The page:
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The Melvins: Underground to stay

The Seattle-based trio, an influence for grunge acts of the '90s, will play the State Theatre.

With the Melvins, it's long been a case of "always the bridesmaid, never the bride." The Seattle trio, which plays tonight at the State Theatre, has held the undying respect of its alternative rock peers since forming in 1984. Cited as an influence by Nirvana, Soundgarden and every grunge band that scored major league success in the early 1990s, the Melvins have yet to burst from the underground.

That's because in this day of hyper rap-rock and sugary power ballads, the band really doesn't fit in with the mainstream.

The Melvins approach punk slowly, with a menacing, dirge-like sound more in line with Black Sabbath than the Ramones. The band balances the darkness with humor; these are the guys who released three solo albums duplicating the covers of Kiss's legendary solo LPs.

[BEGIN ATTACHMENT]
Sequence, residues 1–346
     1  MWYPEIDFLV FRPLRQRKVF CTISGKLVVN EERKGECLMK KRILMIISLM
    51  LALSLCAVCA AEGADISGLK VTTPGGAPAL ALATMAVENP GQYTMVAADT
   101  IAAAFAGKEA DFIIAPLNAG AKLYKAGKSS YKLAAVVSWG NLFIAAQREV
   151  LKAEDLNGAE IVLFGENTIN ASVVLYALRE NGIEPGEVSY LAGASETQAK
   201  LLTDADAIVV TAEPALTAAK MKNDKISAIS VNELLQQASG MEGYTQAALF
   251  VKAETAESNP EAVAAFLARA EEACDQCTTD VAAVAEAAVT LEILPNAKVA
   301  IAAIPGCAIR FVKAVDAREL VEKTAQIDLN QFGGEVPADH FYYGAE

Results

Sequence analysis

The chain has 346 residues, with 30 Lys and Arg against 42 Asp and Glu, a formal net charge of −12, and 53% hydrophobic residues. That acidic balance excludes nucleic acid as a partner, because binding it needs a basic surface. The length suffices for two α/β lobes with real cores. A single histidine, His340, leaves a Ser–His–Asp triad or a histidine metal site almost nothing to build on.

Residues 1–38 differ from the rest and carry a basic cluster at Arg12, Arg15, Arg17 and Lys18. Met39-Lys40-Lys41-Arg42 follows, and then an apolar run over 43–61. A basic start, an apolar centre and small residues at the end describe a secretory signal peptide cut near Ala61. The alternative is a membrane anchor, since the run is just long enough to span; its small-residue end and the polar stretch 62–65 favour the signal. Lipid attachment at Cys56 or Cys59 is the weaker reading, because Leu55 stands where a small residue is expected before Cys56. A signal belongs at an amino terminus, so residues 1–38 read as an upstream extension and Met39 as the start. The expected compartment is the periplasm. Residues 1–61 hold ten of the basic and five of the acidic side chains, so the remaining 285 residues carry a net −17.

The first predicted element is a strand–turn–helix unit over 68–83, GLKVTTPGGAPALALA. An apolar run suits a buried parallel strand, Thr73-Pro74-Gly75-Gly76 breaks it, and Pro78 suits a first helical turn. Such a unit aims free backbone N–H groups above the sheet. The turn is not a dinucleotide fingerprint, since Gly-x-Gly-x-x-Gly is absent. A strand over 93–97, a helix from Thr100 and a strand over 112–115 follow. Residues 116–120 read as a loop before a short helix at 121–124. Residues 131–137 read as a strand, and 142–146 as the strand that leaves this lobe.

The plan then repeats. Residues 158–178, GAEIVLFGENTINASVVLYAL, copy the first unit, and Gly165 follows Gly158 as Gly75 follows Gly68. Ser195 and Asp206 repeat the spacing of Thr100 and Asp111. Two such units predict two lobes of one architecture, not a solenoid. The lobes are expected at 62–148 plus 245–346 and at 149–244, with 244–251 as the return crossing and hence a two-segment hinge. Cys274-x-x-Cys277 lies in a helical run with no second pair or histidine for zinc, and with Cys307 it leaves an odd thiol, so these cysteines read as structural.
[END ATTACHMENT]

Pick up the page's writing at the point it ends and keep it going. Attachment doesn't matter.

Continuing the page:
The Maggot, the band's latest CD, is the first in a trinity of "experi-metal" albums the Melvins will release in three-month intervals. The Bootlicker will be released this month. The Crybaby, due in November, features 1970s teen idol Leif Garrett belting out Nirvana's Smells Like Teen Spirit.

Melt Banana, a lively noise-rock band from Japan, opens tonight's show.